[Python-Dev] Re: would warnings be appropriate for probably-misused global statements?

Guido van Rossum guido@python.org
Wed, 06 Nov 2002 18:17:31 -0500

> > Yes.  This could even be made a syntax error, as with other contextual
> > statements:
> This somewhat contradicts Guido's judgement that this would not be
> easy to implement. Can you come up with a patch?

Alex suggested two different things to test for: global outside a
function, and global for a variable that is not actually set.

Global outside a function would seem easy to detect (at least as easy
as return outside a function), but you need to be careful: in a string
passed to the exec statement, one could have distinct locals and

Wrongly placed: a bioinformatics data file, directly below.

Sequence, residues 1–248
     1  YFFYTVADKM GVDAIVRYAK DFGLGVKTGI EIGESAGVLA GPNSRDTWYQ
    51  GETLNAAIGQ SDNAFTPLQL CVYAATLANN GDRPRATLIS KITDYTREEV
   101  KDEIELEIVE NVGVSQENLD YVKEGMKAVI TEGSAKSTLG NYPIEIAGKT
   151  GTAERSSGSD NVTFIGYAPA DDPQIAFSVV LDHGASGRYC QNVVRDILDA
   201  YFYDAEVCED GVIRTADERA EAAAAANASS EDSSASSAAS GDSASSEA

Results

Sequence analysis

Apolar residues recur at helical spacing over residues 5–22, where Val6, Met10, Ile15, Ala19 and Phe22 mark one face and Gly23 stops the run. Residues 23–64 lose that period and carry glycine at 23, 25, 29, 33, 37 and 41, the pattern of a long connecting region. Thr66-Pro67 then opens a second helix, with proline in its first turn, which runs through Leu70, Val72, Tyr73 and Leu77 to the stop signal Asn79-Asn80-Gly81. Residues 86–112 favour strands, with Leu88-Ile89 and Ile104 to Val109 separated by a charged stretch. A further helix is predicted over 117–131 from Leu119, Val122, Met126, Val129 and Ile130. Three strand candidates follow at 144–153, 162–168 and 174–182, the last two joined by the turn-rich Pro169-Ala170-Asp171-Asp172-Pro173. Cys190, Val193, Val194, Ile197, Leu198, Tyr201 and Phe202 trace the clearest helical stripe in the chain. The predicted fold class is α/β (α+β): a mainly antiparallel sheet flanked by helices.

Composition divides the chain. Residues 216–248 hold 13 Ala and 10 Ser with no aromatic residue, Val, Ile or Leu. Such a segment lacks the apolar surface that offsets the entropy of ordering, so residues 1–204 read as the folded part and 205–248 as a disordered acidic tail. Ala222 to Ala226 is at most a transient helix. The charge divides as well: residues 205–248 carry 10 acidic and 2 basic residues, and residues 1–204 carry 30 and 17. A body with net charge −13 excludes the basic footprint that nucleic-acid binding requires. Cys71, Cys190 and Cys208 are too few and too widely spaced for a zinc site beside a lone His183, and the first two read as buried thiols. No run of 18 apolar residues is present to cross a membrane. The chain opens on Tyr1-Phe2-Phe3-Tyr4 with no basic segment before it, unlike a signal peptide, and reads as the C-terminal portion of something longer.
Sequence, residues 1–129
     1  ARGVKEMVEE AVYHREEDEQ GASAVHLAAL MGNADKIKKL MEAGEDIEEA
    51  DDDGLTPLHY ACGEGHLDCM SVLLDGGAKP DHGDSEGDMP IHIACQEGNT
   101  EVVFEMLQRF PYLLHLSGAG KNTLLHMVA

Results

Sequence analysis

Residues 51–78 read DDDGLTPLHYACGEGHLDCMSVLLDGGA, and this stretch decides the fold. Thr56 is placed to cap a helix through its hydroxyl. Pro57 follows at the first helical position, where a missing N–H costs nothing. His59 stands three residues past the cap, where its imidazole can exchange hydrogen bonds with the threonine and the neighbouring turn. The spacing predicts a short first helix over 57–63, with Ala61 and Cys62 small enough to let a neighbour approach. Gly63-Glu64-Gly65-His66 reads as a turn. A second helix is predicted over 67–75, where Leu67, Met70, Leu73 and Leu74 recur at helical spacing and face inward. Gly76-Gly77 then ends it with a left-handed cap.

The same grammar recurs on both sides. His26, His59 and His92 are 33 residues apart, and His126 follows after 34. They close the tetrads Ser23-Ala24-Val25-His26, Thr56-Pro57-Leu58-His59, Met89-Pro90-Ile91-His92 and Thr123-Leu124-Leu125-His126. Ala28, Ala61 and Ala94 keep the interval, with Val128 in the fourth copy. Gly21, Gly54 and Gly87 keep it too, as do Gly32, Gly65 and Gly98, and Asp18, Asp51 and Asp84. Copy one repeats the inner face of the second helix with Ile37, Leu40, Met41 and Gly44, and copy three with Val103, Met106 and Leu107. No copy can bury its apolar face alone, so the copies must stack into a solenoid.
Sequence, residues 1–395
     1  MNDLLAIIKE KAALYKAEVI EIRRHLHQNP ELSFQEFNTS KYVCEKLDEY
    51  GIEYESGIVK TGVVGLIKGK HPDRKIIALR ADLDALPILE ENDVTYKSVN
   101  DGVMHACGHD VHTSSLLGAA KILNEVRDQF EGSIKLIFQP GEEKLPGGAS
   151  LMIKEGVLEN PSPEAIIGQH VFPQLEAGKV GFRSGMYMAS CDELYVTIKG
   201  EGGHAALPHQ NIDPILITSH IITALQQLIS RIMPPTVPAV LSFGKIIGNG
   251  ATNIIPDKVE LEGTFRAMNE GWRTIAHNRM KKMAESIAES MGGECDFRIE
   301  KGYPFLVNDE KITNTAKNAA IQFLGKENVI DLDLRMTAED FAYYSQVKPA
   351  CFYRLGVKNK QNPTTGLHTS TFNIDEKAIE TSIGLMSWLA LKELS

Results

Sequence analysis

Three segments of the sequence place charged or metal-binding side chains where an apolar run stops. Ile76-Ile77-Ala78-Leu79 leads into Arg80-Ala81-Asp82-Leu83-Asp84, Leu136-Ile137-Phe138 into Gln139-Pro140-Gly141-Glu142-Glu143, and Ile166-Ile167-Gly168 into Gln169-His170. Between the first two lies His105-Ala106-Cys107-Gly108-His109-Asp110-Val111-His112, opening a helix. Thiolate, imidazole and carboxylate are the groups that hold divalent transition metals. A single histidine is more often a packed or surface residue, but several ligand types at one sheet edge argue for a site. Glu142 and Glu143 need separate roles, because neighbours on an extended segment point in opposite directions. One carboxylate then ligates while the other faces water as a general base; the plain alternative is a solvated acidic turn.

globals, and then 'global x' outside a function would make sense.
Also, 'global x' makes sense inside a class statement.

Global for a variable that's not set should at best trigger a
warning.  To detect this, you'd have to analyze all the assignments in
a block.  That currently happens as part of the local variable
determination, and it may be possible to fold this in; I'm not clear
how easy it would be to get the error message refer to the correct
line number though.

But I'm not excited about this.  A similar amount of analysis can
discover assigning to a variable that's not used.  Isn't that more
useful?  Using a name that's not defined anywhere.  Etc.  There are
tons of these things.  PyChecker watches for all of them.  I'd prefer
to make a project out of integrating PyChecker functionality into
Python, eventually, rather than attacking random things one at a time
-- the more of these we do in an ad-hoc fashion, the harder it will be
to do in a more systematic way.

--Guido van Rossum (home page: http://www.python.org/~guido/)